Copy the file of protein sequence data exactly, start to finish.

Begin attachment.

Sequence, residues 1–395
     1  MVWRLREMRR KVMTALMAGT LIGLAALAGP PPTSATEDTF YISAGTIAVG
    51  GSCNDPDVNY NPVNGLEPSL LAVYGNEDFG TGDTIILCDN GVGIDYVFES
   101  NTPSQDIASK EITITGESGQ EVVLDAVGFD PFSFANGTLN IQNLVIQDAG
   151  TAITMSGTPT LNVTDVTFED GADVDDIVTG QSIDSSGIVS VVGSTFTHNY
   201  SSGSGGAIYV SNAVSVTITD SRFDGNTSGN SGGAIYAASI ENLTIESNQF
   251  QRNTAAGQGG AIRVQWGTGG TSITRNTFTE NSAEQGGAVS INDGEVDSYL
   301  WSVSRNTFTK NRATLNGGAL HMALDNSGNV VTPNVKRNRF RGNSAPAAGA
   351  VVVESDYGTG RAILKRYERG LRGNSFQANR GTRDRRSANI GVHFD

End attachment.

Sequence, residues 1–395
     1  MVWRLREMRR KVMTALMAGT LIGLAALAGP PPTSATEDTF YISAGTIAVG
    51  GSCNDPDVNY NPVNGLEPSL LAVYGNEDFG TGDTIILCDN GVGIDYVFES
   101  NTPSQDIASK EITITGESGQ EVVLDAVGFD PFSFANGTLN IQNLVIQDAG
   151  TAITMSGTPT LNVTDVTFED GADVDDIVTG QSIDSSGIVS VVGSTFTHNY
   201  SSGSGGAIYV SNAVSVTITD SRFDGNTSGN SGGAIYAASI ENLTIESNQF
   251  QRNTAAGQGG AIRVQWGTGG TSITRNTFTE NSAEQGGAVS INDGEVDSYL
   301  WSVSRNTFTK NRATLNGGAL HMALDNSGNV VTPNVKRNRF RGNSAPAAGA
   351  VVVESDYGTG RAILKRYERG LRGNSFQANR GTRDRRSANI GVHFD